The Action Research Series 02
This is the second blog post for the same action research project. See here for part 1. The survey investigated following two research questions:
What are the characteristics of student created educationally beneficial podcasts?
Could podcasting be one component in a course to reduce feelings of isolation in e-Learning?
This reflective blog will focus only on the use of podcasting as a media to reduce feelings of isolation.
Since the development of distance learning in higher education, a common problem has been a lack of social interaction among students and instructors and the resultant student feelings of isolation. McGettigan (1999) spoke of the need to reduce the isolative barrier that makes some students feel like second rate students; a course of action being instructor training in the use of information communication technologies. Lee and Chan (2007) that podcasting has potential to be one element used to reduce feelings of isolation and studies have shown students’ positive reactions towards building online learning/social communities who interact and engage (Croft, Dalton, & Grant, 2010; McInnerney & Roberts, 2004). It is my hypothesis that podcasting could be used as an engaging medium in which students actively interact with the course material, instructor(s) and students.
From the respondents (n=11), 64% felt that misunderstandings in communication and a lack of social contact and academic engagement with students and instructors contribute to feelings of isolation. Full-time or part-time employment was also considered a factor by 54%. However, only four indicated they had felt feelings of isolation during their e-Learning. These four respondents confirmed the above elements as factors but also generally responded that lack of university support, technical difficulties, poor structure of e-Learning and that students’ lack of experience with e-Learning could contribute towards feelings of isolation.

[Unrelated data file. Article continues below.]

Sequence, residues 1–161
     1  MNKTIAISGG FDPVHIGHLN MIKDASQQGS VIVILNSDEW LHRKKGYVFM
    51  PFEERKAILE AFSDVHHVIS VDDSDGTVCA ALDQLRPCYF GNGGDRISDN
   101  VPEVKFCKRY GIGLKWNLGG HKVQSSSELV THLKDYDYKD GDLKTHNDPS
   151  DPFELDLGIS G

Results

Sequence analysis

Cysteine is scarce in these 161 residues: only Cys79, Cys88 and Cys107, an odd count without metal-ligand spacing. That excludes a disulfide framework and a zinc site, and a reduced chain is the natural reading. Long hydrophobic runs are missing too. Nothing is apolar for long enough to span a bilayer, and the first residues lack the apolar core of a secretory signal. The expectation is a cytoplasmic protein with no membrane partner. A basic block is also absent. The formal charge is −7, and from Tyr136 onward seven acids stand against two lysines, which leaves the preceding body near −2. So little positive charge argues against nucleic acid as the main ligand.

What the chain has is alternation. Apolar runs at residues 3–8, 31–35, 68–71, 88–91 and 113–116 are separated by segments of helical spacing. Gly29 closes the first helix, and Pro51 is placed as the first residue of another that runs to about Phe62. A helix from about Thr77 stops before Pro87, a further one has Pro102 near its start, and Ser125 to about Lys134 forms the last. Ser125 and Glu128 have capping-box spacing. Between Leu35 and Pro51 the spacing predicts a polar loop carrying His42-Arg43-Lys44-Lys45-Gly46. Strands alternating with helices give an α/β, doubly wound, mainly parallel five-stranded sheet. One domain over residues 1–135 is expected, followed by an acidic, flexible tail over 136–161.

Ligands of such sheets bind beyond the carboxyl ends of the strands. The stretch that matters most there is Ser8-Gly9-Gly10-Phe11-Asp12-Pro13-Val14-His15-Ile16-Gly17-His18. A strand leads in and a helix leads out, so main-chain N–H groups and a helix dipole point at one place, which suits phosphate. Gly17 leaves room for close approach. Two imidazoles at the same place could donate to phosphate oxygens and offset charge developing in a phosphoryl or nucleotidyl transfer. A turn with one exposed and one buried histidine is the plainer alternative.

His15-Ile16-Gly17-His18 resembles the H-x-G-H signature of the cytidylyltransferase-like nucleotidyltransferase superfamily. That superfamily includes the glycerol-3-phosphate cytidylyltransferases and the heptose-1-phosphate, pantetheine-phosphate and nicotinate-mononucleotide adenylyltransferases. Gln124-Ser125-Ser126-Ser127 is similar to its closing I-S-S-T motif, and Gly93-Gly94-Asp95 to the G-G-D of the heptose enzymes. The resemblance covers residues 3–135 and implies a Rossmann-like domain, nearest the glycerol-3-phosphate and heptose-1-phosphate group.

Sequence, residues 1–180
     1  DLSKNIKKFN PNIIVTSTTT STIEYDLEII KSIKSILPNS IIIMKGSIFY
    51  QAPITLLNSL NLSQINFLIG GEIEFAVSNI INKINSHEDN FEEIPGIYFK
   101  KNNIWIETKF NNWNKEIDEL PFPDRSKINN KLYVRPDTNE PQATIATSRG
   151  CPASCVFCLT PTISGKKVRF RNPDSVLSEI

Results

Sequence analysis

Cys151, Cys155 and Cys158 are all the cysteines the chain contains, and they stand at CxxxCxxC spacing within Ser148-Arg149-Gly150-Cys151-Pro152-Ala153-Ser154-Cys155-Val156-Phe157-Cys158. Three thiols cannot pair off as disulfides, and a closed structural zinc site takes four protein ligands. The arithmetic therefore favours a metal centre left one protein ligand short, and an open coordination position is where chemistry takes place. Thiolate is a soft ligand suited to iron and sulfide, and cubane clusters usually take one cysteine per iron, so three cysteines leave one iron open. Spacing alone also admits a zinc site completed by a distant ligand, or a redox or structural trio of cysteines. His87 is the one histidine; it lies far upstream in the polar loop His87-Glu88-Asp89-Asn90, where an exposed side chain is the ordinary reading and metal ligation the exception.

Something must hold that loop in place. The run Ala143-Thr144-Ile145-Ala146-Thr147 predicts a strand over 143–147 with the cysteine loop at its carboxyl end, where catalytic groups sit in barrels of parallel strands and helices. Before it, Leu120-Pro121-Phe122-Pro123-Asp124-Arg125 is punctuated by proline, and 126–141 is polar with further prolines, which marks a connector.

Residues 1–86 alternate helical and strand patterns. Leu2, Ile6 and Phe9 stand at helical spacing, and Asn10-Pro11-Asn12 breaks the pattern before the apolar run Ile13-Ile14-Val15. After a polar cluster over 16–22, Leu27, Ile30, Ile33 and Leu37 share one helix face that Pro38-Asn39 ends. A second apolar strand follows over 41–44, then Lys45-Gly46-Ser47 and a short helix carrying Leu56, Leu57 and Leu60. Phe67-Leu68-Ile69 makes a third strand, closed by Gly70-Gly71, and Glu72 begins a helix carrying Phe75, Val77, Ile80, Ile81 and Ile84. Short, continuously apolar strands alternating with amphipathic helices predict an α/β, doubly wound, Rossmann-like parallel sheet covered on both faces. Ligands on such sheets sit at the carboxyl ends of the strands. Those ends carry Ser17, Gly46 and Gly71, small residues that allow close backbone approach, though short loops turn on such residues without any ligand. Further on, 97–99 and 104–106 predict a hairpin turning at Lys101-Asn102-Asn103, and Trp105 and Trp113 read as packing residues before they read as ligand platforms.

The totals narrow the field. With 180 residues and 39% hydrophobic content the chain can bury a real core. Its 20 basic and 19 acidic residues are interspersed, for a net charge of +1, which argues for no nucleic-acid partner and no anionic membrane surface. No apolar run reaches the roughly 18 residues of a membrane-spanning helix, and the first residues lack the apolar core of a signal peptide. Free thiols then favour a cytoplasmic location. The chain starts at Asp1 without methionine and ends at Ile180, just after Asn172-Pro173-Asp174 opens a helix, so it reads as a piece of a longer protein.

One hypothesis was that the text-based environment of typical e-Learning courses may have an impact on students’ feelings; a “death by document” that is commonly associated with a monoculture of text readings, text support and text communication (Sutton-Brady, Scott, Taylor, Carabetta, & Clark, 2009). However ten of the eleven respondents disagreed with this evaluative statement.
One respondent gave extensive feedback in the open-ended additional comments section which may summarise the results. As an educator, this respondent identifies that podcasting may have potential to be one beneficial medium through which to complete study and to diversify the learning experience through a different learning style. However, from a student’s perspective, some may experience podcasts as being uncomfortable or in a contrived way to interact synchronously online.
To decrease students’ feelings of isolation in e-Learning, podcasting may be one feature. Whilst these views are not indicative of all students, they do add to our understanding and can be used to guide further research.
My gratitude to those eleven who took my survey. Thank you.
Blogged Originally: October 8, 2011 http://www.digitalemerge.net/#/podcasting-in-e-learning-2/4556152588
Last Updated: October 8, 2011
Croft, N., Dalton, A., & Grant, M. (2010). Overcoming Isolation in Distance Learning: Building a Learning Community through Time and Space. Journal for Education in the Built Environment, 5(1), 27-64.
Holmes, B., & Gardner, J. (2006). e-Learning: Concepts and Practice. London: SAGE Publications.
Lee, M. J. W., & Chan, A. (2007). Reducing the effects of isolation and promoting inclusivity for distance learners through podcasting. Turkish Online Journal of Distance Education, 8(1), 85-104.
McGettigan, T. (1999). Virtually Educated: Student Perspectives on the Distance Learning Experience. Radical Pedagogy, 1(2).
McInnerney, J. M., & Roberts, T. S. (2004). Online Learning: Social Interaction and the Creation of a Sense of Community. Educational Technology & Society, 7(3), 73-81.
Sutton-Brady, C., Scott, K. M., Taylor, L., Carabetta, G., & Clark, S. (2009). The value of using short-format podcasts to enhance learning and teaching. ALT-J, 17(3), 219-232.